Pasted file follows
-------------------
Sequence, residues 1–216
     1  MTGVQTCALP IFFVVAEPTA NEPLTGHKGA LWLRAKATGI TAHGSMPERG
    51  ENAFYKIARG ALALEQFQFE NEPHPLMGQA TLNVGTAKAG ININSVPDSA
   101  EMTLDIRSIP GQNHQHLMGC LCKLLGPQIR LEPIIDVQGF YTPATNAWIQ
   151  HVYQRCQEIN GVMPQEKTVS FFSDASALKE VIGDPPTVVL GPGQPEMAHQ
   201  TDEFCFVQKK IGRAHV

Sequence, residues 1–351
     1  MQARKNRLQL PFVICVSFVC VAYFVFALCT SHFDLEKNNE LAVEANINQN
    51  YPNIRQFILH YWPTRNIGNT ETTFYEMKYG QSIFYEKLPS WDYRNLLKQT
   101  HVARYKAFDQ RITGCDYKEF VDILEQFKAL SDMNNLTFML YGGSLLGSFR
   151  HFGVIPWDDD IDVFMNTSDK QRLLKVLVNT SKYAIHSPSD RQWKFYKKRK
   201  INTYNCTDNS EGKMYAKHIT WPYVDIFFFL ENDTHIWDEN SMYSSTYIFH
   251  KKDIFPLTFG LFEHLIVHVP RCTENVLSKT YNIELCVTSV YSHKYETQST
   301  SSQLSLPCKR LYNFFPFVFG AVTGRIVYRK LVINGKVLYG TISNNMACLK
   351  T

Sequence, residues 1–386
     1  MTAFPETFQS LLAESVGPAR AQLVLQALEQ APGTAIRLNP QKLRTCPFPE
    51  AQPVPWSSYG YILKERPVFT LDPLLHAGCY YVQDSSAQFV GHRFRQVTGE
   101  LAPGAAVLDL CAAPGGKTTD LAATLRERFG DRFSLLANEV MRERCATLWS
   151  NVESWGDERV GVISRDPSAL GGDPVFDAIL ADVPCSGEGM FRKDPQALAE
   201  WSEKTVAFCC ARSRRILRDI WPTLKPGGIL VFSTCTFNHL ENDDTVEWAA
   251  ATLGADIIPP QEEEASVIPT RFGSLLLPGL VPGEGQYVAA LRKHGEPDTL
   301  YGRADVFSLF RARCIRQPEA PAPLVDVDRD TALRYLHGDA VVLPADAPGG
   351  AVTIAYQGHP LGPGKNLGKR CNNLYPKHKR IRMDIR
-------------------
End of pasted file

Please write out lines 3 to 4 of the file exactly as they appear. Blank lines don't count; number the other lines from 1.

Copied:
    51  ENAFYKIARG ALALEQFQFE NEPHPLMGQA TLNVGTAKAG ININSVPDSA
   101  EMTLDIRSIP GQNHQHLMGC LCKLLGPQIR LEPIIDVQGF YTPATNAWIQ